Bill Inmon, who’s widely known as the father of the data warehouse, shared a warning for data-loving organizations at the recent Data + AI Summit: If you don’t adopt the precepts of the data lake house, you run the risk of your data lake turning into a data swamp.
“If you take your data lake and turn it into a lakehouse, you can actually now start to get your money’s worth out of it,” Inmon said in a conversation with Ali Ghodsi, the CEO of Databricks, which sponsored the event. “If you don’t turn it into a lakehouse, it turns into a swamp.”
Very few data lakes are successful, the “Building the Data Warehouse” author said.
Most of them do [fail],” Inmon told Ghodsi. “Every now and then, you see one that doesn’t, but most of them do.”
The problem with data lakes are architectural, Inmon said. “From a technical standpoint, I think the data lake…is fine. There’s nothing wrong with it,” he said. “But architecturally, there are many things that are missing from the data lake. And because they were missing, it made the data lake not useless, but it made it very difficult to get information out of.”
Inmon is currently writing a book about data lakehouses. It should come as no surprise that the folks at Databricks, who originally coined the term, are helping Inmon with the book, which will be his 61st.
A lakehouse, as Databricks describes it, is a blend of a data lake and a data warehouse. On the one hand, it provides the flexibility to handle less structured data types, such as text and image files, that are commonly used in data science and machine learning projects. But it also borrows from the data warehouse discipline, particularly in terms of ensuring the quality of the data and making sure that its lineage is tracked and governed.
Perhaps it comes as no surprise that Inmon isn’t a big fan of the ELT (extract, load, and transform] data integration method that is gaining traction among data lake practitioners. Instead of first transforming the data before loading it into the data warehouse, which is the standard ETL method, ELT backers first load the data into the data lake, with the expectation that they will transform it (i.e. clean it up and prepare it for analytics or machine learning) later on.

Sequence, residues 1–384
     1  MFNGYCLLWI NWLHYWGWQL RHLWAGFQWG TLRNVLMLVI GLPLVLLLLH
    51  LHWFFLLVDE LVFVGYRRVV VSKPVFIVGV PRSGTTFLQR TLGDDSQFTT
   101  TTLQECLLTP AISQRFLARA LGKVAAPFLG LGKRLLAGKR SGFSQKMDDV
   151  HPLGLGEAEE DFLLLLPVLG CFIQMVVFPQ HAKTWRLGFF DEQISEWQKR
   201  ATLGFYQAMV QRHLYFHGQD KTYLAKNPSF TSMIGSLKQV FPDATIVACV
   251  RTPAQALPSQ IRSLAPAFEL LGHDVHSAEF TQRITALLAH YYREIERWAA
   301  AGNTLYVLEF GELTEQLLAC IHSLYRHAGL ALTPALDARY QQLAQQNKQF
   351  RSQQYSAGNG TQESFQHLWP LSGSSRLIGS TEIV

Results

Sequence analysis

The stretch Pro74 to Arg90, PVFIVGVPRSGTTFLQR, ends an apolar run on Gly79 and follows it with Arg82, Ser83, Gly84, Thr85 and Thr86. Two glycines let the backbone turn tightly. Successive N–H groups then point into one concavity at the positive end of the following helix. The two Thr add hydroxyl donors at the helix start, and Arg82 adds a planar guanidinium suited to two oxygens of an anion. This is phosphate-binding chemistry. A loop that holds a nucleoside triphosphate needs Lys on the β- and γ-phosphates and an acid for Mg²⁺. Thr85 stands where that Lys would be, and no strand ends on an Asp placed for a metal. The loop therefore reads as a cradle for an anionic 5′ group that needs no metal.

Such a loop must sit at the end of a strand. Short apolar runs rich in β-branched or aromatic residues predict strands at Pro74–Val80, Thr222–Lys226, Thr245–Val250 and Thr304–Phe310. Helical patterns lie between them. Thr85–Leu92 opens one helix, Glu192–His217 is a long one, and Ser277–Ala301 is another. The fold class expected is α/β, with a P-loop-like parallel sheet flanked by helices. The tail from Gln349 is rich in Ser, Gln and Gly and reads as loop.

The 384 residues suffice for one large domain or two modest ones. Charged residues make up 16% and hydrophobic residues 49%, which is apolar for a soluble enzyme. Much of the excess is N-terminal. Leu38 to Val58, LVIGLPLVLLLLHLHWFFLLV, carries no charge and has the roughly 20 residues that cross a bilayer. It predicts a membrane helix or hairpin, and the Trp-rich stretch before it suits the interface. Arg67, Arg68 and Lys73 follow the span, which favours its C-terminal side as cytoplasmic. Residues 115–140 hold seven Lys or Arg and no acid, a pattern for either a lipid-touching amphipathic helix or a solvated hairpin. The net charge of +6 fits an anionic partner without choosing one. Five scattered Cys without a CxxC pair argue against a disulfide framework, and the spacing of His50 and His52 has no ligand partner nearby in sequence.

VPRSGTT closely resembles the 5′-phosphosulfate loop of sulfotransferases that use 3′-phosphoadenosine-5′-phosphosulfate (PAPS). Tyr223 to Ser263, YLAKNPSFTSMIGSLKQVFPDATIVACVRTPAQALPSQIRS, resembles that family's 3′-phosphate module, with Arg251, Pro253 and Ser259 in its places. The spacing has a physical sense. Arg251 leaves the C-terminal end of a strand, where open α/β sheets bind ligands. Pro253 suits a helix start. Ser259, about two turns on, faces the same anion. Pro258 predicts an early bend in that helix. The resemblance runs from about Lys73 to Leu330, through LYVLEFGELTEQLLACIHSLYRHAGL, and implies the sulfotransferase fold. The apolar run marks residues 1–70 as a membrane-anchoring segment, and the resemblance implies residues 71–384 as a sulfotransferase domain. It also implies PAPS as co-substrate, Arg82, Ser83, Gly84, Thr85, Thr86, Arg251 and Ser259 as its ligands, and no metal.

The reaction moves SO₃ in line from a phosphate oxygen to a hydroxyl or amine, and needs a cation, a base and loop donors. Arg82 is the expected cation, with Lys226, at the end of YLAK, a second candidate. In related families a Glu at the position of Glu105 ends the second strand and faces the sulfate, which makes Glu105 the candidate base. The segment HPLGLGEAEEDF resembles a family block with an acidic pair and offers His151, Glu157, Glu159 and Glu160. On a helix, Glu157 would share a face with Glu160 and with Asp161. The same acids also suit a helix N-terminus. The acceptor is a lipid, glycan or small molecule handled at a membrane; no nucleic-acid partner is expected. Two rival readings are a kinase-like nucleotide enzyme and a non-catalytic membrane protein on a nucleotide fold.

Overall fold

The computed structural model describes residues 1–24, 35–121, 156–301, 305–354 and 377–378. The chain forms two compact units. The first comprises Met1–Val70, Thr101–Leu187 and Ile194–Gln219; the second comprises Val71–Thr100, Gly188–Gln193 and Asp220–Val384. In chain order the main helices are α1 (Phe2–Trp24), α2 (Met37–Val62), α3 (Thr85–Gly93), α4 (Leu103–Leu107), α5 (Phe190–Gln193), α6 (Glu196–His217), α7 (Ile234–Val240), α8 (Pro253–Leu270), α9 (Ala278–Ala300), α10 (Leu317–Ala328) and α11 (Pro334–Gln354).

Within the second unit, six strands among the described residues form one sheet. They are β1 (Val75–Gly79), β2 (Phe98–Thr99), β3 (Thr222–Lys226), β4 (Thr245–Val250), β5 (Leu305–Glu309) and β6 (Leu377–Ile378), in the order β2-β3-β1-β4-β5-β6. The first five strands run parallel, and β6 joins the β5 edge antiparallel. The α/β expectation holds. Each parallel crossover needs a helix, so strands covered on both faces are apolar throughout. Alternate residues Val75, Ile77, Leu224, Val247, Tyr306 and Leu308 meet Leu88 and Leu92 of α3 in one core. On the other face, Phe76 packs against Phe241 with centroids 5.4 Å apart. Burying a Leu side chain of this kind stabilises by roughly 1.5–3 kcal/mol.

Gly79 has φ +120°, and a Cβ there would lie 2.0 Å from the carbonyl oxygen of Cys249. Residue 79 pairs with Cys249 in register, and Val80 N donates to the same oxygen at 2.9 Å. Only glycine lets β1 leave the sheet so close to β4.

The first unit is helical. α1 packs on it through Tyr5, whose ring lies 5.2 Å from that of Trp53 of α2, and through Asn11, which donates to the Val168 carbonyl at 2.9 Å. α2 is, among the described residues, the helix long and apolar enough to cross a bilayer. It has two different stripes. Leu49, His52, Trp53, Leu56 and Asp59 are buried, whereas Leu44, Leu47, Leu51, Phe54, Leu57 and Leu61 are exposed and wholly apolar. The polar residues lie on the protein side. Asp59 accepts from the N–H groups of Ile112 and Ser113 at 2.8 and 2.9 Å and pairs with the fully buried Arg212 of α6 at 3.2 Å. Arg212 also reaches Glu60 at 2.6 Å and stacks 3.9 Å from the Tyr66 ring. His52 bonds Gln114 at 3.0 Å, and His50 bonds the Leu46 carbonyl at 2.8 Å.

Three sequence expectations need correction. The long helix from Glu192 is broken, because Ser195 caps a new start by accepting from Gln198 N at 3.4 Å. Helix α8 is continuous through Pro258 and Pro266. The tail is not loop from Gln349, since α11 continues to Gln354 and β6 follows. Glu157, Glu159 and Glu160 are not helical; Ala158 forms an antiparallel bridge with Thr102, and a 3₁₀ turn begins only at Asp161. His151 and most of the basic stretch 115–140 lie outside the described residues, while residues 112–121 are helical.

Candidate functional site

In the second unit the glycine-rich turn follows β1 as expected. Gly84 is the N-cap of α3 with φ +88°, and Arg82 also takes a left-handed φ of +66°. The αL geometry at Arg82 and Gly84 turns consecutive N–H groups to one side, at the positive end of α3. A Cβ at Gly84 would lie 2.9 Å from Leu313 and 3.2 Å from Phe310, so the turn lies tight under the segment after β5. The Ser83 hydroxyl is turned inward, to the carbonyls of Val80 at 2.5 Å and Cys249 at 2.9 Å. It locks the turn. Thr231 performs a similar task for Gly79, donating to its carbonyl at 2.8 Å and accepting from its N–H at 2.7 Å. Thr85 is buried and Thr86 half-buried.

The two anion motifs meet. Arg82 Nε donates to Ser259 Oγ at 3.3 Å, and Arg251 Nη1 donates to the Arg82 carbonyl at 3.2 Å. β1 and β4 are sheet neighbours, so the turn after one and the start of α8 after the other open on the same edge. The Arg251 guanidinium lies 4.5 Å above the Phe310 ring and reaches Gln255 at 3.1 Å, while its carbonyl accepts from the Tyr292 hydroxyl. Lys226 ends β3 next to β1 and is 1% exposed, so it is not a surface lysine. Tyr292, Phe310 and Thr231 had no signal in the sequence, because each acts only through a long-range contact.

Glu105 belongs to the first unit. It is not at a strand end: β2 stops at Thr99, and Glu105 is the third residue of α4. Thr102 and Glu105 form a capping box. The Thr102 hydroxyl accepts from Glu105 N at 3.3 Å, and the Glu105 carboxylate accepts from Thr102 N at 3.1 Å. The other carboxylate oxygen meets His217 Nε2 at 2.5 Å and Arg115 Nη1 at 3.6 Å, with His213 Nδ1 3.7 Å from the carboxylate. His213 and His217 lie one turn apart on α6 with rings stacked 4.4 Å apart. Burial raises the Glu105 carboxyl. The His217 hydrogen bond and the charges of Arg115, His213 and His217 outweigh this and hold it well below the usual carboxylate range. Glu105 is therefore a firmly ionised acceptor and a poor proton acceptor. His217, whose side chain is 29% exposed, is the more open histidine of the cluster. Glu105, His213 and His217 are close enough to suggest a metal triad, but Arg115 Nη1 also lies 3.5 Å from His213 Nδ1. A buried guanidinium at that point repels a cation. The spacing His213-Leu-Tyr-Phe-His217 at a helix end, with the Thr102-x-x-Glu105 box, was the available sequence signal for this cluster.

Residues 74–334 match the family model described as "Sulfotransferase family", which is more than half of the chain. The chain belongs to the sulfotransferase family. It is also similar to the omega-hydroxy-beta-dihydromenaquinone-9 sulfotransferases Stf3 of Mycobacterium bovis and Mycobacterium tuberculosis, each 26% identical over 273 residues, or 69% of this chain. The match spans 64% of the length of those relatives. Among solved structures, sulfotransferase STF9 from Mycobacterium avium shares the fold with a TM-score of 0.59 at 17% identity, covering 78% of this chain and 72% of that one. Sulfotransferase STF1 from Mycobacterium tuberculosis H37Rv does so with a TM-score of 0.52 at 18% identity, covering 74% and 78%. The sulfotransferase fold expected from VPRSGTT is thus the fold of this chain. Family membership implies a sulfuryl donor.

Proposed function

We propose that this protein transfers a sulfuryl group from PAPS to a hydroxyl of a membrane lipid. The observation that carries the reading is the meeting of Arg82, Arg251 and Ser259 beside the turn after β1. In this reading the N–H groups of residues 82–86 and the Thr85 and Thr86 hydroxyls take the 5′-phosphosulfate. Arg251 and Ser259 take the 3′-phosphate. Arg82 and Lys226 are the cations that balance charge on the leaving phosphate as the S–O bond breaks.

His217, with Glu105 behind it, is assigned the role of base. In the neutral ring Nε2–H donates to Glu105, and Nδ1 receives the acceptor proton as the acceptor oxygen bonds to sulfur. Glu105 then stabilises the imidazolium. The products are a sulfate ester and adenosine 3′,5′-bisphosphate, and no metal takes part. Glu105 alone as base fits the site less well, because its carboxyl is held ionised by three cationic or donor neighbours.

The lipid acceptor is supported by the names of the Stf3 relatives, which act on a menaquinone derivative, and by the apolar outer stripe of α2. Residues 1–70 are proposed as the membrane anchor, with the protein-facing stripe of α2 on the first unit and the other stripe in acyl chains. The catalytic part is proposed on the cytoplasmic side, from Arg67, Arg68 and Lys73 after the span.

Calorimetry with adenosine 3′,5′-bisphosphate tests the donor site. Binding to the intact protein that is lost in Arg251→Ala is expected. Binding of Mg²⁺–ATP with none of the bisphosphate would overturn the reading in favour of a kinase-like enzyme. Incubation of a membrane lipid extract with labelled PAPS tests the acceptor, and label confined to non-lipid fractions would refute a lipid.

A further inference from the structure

“I’ve always been a fan of ETL because of the fact that ETL forces you to transform data before you put it into a form where you can work with it,” Inmon said. “But some organizations want to simply take the data, put it into a database, then do the transformation…I’ve seen too many cases where the organization says, oh we’ll just put the data in and transform it later. And guess what? Six months later, that data is never been touched.”
Some types of data, in particular textual data, is nearly impossible to load into a data warehouse (or a data lake or a data lakehouse, for that matter) using anything but ETL, Inmon said.
“Text is a different beast altogether,” he said. “I’m not a believer that you can do ELT with text. I tell you what: If you can do it, I don’t know how.”
The more structure there is to the data, the better odds you’ll have success with ELT, because you can bring SQL to bear on it, Ghodsi said.
“With SQL, you can do a lot of the transformations actually,” Ghodsi said during his Data + AI Summit chat with Inmon. “But as you pointed out, for all these complex data types, the text and the audio and video and all these other data science workloads–it’s just very hard to express them with SQL.”
Inmon ended his converstation with a warning.
“It’s not so much a problem of, are they going to build a data [lake] house. It’s going to be what happens if they don’t build a lakehouse,” he said. “Because if they don’t build the lakehouse, they’re going have this mountain of data that sits there and nobody is going to be able to do anything with it…I believe that the lakehouse is going to unlock the data that is there and is going to present opportunities like we’ve never seen before. And that’s going be the effect of creating the lakehouse.”